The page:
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Boston and the Marathon bombing survivors can’t shake Tsarnaev — unless Biden acts now

The president has several options available to him to end the death penalty, at least temporarily.

Boston Marathon bombing survivor Celeste Corcoran stands on the marathon finish line in 2016 as she waits for runners in her running group, 50 Legs, to cross. Celeste lost both legs in the 2013 marathon bombing. Officials let her stand there to watch the runners.John Tlumacki/Globe Staff

We shouldn’t still be talking about Dzhokhar Tsarnaev.

The surviving perpetrator of the horrific Boston Marathon bombing and subsequent manhunt that left five people dead and Greater Boston reeling should be the last person on our minds, particularly as we focus on emerging from the deadly and economically devastating havoc of the coronavirus pandemic.

Tsarnaev will never leave prison alive, and that’s where he should be forgotten. Except for in the annals of history, his memory should be left to rot even as he still draws breath.

But the Supreme Court’s decision this week to grant an appeal in his case — unfortunately — brings him back to the spotlight. The appeal, made during the Trump administration, seeks to reverse an order of the Boston-based First Circuit Court of Appeals vacating his sentence because of some jurors’ failure to disclose what they knew about the case before trial.

Such appeals are par for the course in capital punishment cases. So are the reminders of the horrors of crimes committed. Whether we like it or not, Americans in Massachusetts and beyond are confronted by those memories, and by Tsarnaev.


His mug shot is again displayed on television screens. This newspaper and others must again waste ink in his name. And those whose loss from his heinous actions hits closest to home — the families of Martin Richard, 8; Lingzi Lu, 23; 29-year-old Krystle Campbell, MIT police officer Sean Collier, 27; and Boston police officer Dennis Simmonds, 28, who died a year later of injuries he suffered during the Watertown shootout — must relive a nightmare all over again, and likely not for the last time as the case makes its way up and down the appeals process.


This is but one of the many injustices that typically flow from the federal death penalty: Even in cases where there is no question of guilt, no doubt about a convict’s culpability and no disagreement that he should never walk the streets again, those impacted most must be made to suffer, again and again, from a protracted process that brings anything but closure to all involved. Survivors of the attack will have their emotional wounds ripped open again. A city that has suffered enough will have to relive its worst day in recent history.

That is, unless President Biden acts, and fast.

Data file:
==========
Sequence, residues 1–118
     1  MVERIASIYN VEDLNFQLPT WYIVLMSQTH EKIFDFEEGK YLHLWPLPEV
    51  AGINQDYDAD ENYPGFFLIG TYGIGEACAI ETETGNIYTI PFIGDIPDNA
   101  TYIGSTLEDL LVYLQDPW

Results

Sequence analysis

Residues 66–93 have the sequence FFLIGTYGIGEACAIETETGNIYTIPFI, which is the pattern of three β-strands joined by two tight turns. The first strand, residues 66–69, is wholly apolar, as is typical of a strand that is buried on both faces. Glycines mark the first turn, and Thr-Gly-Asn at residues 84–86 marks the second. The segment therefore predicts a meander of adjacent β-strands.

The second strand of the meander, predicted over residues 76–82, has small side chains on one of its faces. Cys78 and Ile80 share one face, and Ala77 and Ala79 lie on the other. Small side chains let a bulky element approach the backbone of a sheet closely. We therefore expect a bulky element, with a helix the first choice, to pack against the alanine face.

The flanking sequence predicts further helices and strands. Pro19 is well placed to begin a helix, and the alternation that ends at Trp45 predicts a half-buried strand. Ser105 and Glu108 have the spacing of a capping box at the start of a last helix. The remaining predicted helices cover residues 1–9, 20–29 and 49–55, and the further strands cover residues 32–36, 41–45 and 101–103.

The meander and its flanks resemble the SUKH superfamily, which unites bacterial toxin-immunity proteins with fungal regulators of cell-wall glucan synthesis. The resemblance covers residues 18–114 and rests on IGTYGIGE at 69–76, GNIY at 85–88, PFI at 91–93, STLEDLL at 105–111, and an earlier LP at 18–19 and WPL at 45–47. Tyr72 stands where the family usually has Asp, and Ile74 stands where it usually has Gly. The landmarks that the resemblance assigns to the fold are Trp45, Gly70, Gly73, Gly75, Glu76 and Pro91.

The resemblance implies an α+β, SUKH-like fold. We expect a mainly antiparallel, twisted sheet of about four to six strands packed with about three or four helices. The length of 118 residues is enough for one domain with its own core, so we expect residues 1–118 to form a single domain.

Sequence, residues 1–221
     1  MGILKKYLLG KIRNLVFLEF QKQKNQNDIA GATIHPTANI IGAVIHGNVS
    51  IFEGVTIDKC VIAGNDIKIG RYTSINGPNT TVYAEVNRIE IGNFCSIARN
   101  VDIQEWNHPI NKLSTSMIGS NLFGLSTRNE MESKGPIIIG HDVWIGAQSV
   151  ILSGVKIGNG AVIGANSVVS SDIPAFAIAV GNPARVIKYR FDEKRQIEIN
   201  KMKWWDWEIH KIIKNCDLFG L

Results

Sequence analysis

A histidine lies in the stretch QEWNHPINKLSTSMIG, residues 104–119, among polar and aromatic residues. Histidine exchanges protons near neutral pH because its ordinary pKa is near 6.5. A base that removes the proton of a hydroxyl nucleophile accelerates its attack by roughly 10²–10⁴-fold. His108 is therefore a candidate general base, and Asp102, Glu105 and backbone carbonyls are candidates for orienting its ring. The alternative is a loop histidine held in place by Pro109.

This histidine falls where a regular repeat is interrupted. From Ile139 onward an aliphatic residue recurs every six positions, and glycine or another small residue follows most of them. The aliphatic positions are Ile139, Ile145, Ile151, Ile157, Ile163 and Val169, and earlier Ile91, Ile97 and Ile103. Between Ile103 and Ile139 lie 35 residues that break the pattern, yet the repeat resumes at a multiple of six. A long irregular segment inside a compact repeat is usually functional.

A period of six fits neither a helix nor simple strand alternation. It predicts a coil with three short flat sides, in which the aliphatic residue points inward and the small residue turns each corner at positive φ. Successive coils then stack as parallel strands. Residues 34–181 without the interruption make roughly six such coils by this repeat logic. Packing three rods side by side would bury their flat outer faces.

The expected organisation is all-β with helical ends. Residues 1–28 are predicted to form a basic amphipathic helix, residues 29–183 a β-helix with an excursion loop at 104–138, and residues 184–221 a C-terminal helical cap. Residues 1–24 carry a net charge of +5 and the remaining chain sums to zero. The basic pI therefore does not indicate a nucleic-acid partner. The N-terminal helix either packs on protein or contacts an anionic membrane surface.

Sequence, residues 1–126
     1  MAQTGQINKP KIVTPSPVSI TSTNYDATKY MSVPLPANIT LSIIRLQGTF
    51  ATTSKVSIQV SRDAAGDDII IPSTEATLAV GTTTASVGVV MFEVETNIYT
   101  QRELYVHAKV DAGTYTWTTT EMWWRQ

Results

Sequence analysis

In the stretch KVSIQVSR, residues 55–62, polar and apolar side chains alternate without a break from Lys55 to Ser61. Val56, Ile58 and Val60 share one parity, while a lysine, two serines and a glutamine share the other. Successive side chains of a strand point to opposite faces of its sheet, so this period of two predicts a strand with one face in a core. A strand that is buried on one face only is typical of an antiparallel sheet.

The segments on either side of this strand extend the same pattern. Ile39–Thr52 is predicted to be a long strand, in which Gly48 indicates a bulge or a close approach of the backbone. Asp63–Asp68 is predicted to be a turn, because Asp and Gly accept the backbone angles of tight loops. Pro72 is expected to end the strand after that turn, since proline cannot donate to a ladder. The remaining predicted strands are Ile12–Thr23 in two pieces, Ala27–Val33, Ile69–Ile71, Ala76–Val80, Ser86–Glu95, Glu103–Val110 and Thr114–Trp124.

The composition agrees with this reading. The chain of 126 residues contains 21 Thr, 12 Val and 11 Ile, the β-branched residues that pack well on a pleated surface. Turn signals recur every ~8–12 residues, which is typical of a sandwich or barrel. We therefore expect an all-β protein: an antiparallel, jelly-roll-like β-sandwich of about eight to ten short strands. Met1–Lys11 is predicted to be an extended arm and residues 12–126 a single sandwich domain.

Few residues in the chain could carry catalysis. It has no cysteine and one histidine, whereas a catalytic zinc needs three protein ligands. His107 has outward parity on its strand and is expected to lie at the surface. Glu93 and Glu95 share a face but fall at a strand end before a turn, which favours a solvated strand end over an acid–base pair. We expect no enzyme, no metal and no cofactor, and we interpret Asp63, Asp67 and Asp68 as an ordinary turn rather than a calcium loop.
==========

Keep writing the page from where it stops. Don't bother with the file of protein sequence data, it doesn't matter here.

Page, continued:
Biden, who opposes the federal death penalty and campaigned on a promise to end it, has so far not made a move to do so. But he has several options available to him to stop the practice, at least temporarily. He could withdraw the government’s appeal in the Tsarnaev case or order the Justice Department to halt all federal executions, rendering the Supreme Court case moot, probably causing its dismissal. He could also urge Congress to pass, so that he may sign, legislation sponsored by Representative Ayanna Pressley to end federal executions permanently.

But he needs to act before the justices hear arguments in the case later this year.

If Biden needs more motivation to make good on his campaign promise, he need only recall the faces of the victims’ families and survivors of the bombing when he attended the one-year memorial in 2014 and honored them for their courage.


He can heed, if belatedly, the pleas of the families of Richard and Collier, who feared this ceaseless amplification of their anguish and urged against the imposition of the death penalty in Tsarnaev’s case in the first place.

He can look to evidence that shows that the death penalty is not a deterrent to violent crime.

He can examine the history of racial and economic disparities in the imposition of the death penalty, or consider the arbitrariness in the sentencing that has led to 156 exonerations, meaning that one in 10 people sent to death row has been wrongly convicted and set free since the sentence was reinstated in 1973.

He can consider the plummeting support for the death penalty — a majority of Americans now oppose it.

He can consult his own faith and the Bible that says that Jesus, who served as a juror of sorts himself in a death penalty case, said “Let whoever is without sin cast the first stone.”

And he can ask his own newly-installed Labor Secretary Marty Walsh, the former Boston mayor who invited Biden to the memorial ceremony and a death penalty opponent. Walsh stated that he supported “the process” that sent Tsarnaev to death row, but after his sentence was overturned, Walsh put the focus where it should be: “on supporting the families, the survivors, and all the people of our great city.”


This is precisely what Walsh should impress upon Biden. Enough is enough.